For over a decade, Colorado law has prohibited businesses from discriminating against individuals on the basis of sexual orientation. Several small businesses in the state are owned and operated by individuals who believe that marriage should be between a man and a woman. Although these business owners are happy to serve customers of any sexual orientation, they have declined to offer their creative services to promote or celebrate same‐sex weddings, because they feel that doing so would convey a message that conflicts with their deeply held beliefs.
Famously, the owner of one such small business refused to create a cake for a same‐sex wedding in 2012, a controversy that ended up in the Supreme Court. Cato filed a brief in that case supporting the baker—the only organization to do so that also filed briefs supporting the plaintiffs in Obergefell and the other marriage cases—and his right to refrain from conveying messages with which he disagrees.
Unfortunately, the Supreme Court’s 2018 ruling in Masterpiece Cakeshop was exceedingly narrow and failed to clarify the crucial First Amendment issue: can a state compel an artistic professional to produce something conveying a message that he disagrees with? Lacking a definitive answer to this question, cases like the baker’s have surfaced repeatedly in Colorado and other states. (Cato filed a brief in in support of wedding videographers fighting a similar Minnesota law in the U.S. Court of Appeals for the Eighth Circuit, which ultimately held that the First Amendment stopped antidiscrimination laws from being used to compel speech in this way).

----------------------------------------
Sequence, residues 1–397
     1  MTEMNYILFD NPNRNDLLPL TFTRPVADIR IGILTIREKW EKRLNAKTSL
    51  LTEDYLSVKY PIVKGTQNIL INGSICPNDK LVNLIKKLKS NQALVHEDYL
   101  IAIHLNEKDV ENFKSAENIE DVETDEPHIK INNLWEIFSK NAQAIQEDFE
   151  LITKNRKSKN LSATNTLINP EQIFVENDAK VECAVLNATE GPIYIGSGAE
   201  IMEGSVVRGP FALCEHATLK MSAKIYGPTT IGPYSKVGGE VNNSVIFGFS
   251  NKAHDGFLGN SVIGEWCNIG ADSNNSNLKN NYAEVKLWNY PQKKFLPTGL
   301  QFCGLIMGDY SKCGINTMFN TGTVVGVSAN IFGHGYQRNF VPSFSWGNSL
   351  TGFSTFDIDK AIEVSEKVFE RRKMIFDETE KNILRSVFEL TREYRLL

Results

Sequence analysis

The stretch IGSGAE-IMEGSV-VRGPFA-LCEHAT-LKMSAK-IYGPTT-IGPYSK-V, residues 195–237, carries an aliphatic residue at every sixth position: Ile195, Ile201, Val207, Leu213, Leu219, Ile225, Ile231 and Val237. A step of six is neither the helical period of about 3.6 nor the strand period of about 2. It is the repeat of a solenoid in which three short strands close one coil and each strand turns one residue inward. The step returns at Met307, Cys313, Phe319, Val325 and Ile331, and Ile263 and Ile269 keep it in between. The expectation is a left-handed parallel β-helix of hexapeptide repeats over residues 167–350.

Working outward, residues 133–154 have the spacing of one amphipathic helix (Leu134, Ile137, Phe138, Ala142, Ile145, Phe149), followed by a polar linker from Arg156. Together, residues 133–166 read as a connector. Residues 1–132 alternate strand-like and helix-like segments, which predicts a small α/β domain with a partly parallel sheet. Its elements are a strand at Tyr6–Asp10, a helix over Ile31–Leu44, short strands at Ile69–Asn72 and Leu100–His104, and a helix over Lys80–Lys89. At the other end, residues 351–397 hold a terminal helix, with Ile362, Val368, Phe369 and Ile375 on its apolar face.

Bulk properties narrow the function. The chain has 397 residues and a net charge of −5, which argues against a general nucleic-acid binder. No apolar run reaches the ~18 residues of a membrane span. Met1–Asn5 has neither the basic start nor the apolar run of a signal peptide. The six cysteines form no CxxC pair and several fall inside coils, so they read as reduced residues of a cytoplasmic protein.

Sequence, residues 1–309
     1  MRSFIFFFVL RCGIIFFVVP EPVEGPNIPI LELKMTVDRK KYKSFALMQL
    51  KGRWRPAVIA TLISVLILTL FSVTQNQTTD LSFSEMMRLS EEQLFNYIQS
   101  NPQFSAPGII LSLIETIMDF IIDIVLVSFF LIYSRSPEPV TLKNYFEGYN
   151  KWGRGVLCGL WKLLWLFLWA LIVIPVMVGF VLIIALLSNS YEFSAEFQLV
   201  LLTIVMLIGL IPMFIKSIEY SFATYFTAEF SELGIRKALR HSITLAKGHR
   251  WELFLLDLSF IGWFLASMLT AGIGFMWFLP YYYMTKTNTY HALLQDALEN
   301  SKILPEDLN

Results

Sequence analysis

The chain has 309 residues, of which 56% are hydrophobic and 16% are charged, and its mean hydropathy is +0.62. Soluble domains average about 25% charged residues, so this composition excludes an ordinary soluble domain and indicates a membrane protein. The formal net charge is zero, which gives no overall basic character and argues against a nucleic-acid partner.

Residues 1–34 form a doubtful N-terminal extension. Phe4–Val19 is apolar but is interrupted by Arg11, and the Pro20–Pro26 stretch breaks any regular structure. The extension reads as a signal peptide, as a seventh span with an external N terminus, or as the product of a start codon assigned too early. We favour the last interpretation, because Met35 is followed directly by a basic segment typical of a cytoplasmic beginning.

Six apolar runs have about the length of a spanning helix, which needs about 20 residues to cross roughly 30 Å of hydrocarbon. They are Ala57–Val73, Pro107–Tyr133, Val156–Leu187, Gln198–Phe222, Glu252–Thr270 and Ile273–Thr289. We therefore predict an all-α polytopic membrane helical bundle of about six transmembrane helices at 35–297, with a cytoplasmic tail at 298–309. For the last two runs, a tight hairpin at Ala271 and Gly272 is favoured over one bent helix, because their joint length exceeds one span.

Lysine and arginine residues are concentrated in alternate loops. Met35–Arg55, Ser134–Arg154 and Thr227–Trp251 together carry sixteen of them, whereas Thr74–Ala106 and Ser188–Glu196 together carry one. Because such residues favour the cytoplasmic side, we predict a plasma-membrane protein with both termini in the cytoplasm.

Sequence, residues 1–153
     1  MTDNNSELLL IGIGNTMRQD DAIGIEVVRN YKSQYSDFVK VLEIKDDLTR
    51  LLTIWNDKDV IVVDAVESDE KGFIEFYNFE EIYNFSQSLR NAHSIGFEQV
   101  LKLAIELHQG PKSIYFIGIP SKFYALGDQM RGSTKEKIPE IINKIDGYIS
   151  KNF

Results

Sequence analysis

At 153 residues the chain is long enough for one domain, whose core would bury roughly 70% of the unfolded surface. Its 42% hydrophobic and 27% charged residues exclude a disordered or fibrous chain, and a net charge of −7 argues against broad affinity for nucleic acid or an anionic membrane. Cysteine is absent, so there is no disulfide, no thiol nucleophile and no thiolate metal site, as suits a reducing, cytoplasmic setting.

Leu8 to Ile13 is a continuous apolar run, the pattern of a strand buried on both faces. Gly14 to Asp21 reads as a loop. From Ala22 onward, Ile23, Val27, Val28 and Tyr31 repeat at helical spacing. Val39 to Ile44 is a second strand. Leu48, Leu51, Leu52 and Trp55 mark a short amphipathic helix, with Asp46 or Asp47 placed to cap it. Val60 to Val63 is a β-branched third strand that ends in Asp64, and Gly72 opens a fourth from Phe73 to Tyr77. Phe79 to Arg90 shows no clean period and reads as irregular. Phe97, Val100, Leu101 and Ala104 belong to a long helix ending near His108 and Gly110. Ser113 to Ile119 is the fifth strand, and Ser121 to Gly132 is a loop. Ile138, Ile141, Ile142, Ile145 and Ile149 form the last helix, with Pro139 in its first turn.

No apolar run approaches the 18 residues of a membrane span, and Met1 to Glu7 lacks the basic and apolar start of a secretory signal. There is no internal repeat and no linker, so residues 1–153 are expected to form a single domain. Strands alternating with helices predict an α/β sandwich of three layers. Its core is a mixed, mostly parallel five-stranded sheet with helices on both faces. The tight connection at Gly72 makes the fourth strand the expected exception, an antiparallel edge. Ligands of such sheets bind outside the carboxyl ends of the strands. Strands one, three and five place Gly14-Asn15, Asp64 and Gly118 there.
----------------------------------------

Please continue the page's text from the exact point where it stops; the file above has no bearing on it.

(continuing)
Cato has now filed a brief, joined by UCLA law professor Eugene Volokh, in support of another challenger to the Colorado law: web designer Lorie Smith, who creates websites and graphic designs for clients through her one‐woman business. Lorie would like to create websites helping opposite‐sex couples celebrate their weddings, but knows that Colorado will then force her to also create sites celebrating same‐sex weddings, which she cannot do in good conscience. The Supreme Court has long held that the right to speak includes the right not to speak. Lorie brought this lawsuit to vindicate that right.
Just as the government can’t demand that a Cato scholar write an article supporting the government’s preferred policy, it can’t compel those in expressive professions like web and graphic design, photography, or musical performance to harness their artistic gifts in support of the state’s message. That the artists are offering their services commercially is no matter; how many rock bands play all their gigs for free?
Cato strongly advocated that, so long as states were involved in the marriage business, they should extend marital licenses to gay couples. But private businesses aren’t the government and the messages they express aren’t government messages. The First Amendment demands that private citizens and businesses be able to maintain their freedom of speech and conscience, and we urge the Tenth Circuit to join the Eighth in saying so.